Less than 24 hours after another Australian batting collapse on Monday, Cricket Australia signed a deal with Microsoft.
The agreement will see us become the first cricket nation to ‘enjoy’ access to the number-crunching platform full of analytics and data.
Contain your excitement, please.
The new addition is simply referred to as the ‘team and player performance platform’ and is apparently capable of evaluating form and fitness and feeding into strategy and team selection.
It is hoped that it may help reverse the woeful form of our cricket team.
So we may as well stop pretending.
Hymie the robot will be the new selector, coach and high performance manager of the Australian cricket team.
Obviously national selector Rod Marsh saw the writing on the wall and jumped this week before he was pushed.
‘Boof’ Lehmann will be next to go. There’s no place for a coach called ‘Boof’ in the new set-up.
Hymie isn’t the new appointee’s real name, but a throwback to Maxwell Smart’s robotic sidekick in the sixties’ spy spoof, Get Smart.
According to CA’s tech-head, Michael Osborne, this new fan-dangled platform will crunch data to determine, scientifically, which players should be picked for each match.
Osborne doubted whether “artificial intelligence will get to the point … where it’s selecting our national team for us.”
But given that Hymie can just about do everything, it’s odds-on that selection will be left to the wonder robot.
Apparently CA’s tech-heads have so much information on player performance, they can’t get a grasp on the true state of play.
They obviously missed Monday morning at the Bellerive Oval.
The loss of 8-32 in a couple of hours would suggest things are not great, particularly after a first innings score of 85.
‘Boof’ offered an old-fashioned remedy to Australia’s batting woes: go back and play in the Sheffield Shield.
No wonder ‘Boof’ is yesterday’s man. He thinks Australia’s incompetent batting can be solved by a trip down memory lane.
The Shield is not what it used to be. CA’s scheduling has seen to that.
There’s no Shield players with the numbers to suggest they’ve got the ability or temperament to make it in Test cricket.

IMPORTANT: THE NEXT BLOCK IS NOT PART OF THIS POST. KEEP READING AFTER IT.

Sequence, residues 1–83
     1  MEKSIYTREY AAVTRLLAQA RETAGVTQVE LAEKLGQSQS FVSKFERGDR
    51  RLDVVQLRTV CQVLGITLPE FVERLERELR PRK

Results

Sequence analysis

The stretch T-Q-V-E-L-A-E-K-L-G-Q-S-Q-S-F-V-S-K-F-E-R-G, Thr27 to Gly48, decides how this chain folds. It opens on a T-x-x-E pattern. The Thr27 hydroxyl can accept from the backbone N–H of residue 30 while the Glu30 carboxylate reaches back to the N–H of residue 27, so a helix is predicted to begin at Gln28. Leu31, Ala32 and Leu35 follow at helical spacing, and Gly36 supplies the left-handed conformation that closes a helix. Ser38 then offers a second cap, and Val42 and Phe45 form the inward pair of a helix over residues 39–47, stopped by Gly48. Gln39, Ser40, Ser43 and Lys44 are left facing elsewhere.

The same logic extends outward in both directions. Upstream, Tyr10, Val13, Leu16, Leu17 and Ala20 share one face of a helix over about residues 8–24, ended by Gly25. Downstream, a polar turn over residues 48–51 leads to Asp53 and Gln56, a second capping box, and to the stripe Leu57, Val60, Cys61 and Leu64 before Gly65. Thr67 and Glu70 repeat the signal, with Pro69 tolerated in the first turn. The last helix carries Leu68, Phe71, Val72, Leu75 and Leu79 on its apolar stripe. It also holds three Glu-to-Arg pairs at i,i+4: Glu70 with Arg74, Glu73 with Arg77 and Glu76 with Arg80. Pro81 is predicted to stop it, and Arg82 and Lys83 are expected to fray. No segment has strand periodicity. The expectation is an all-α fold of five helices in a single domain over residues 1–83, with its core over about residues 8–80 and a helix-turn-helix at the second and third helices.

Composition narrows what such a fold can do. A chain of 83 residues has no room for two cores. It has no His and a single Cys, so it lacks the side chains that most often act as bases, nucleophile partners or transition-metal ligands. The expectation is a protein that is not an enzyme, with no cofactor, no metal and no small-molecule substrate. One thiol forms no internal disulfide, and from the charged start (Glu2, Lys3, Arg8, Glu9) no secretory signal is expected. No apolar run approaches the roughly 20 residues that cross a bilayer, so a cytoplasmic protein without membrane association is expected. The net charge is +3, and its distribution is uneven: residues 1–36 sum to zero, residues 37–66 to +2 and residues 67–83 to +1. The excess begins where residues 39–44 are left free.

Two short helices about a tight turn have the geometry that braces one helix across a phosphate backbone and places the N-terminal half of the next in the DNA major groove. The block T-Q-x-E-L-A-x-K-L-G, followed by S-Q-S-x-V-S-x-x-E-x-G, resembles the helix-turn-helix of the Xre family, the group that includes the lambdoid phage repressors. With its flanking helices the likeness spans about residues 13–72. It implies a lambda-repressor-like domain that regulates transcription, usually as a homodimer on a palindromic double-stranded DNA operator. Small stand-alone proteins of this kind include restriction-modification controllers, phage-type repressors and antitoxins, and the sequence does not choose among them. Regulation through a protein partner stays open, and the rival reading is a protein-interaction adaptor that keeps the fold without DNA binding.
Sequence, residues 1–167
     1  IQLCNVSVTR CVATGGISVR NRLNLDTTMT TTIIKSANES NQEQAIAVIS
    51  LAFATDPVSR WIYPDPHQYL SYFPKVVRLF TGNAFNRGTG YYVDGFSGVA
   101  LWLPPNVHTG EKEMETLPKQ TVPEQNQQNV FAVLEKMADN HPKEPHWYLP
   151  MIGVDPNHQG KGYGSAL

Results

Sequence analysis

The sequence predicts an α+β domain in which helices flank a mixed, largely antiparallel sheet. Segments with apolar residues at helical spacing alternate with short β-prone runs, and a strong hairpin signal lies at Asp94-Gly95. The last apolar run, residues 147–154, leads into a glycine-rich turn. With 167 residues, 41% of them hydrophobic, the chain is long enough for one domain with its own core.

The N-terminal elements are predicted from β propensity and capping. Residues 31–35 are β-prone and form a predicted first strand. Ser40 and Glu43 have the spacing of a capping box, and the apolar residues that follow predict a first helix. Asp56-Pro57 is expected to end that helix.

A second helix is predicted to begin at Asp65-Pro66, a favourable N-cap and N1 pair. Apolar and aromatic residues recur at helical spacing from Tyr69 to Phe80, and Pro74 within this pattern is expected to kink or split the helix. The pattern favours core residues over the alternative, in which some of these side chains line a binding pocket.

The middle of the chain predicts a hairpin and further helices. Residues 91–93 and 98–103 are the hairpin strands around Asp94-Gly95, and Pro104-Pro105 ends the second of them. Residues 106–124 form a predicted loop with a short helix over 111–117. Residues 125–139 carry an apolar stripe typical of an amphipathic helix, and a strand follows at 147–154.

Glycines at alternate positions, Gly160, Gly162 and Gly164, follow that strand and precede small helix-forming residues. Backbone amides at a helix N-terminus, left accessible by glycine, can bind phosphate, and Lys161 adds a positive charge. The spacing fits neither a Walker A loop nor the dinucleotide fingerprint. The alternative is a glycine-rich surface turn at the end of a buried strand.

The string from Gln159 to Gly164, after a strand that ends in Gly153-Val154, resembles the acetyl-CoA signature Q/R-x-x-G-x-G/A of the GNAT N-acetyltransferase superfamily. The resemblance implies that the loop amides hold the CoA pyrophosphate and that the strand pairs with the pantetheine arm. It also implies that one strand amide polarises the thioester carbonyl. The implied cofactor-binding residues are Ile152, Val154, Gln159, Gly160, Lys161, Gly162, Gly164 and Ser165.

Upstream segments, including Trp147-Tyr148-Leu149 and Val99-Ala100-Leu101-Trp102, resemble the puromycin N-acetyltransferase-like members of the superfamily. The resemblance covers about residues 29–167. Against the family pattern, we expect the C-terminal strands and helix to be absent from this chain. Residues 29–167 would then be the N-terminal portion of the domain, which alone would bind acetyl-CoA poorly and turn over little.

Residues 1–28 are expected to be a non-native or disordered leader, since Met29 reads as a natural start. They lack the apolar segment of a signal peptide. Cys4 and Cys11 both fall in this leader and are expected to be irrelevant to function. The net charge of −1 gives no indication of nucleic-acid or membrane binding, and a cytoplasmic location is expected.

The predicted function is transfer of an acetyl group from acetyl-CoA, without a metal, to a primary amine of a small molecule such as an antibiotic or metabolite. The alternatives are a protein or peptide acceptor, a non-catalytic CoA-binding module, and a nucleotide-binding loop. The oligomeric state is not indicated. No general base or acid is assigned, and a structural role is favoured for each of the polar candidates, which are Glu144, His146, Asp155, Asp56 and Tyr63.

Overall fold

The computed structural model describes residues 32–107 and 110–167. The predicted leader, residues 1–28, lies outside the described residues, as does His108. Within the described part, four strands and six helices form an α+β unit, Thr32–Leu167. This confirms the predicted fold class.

You don’t need Hymie to tell you that if you’re averaging in the high thirties or low forties in the Shield, you’re not going to be much chop internationally.
This is where the sports tech-heads come in. They know the answer is not more time in the middle.
It’s in the collection of physical, metaphysical, psychological, biomechanical and the bowel motion data that only Hymie can crunch.
That’s the problem with human intelligence. It looks for the cheap solution. You’ve got to pay big bucks for the mega-tech magic that Hymie can provide.
Once Hymie’s switch is flicked, the wonder robot will show that HI isn’t artificial enough to cut it in the new sport’s tech-head age.
Traditionalists like ‘Boof’ are stopping Australia’s cricketers from ‘moving forward’.
Once Hymie is operational, Steve Smith’s suitability for the captaincy should be one of the first things tabulated, ‘moving forward’ of course.
Other than Hymie, the captaincy stocks look thin.
There’s nobody with sufficient artificial intelligence – with the possible exception of Shane Warne – to ring the bowling changes according to the number of balls bowled per unit of time.
Scientifically managed cricket is about rotating the bowlers and resting them when Hymie says they’ve had enough.
Starc in or Hazlewood out; it’ll soon be Hymie’s call.
Only Hymie can answer the big question confronting Australian cricket -will we see the eternally promising paceman, Pat Cummins, in the longer form of the game before 2020?
Congratulations to CA on this ground-breaking initiative.
It’s a wonder that CEO James Sutherland wasn’t crowing about it during his post-Test press conference rather than whinging about the team’s performance.
After all, it is a little premature to assess the performance until Hymie’s tabulated the data.
But at a rough guess, a lack of ability would seem the logical cause behind Australia’s recent losses.
And they don’t need Hymie to tell them that.
Dr Tom Heenan teaches sports studies at Monash University.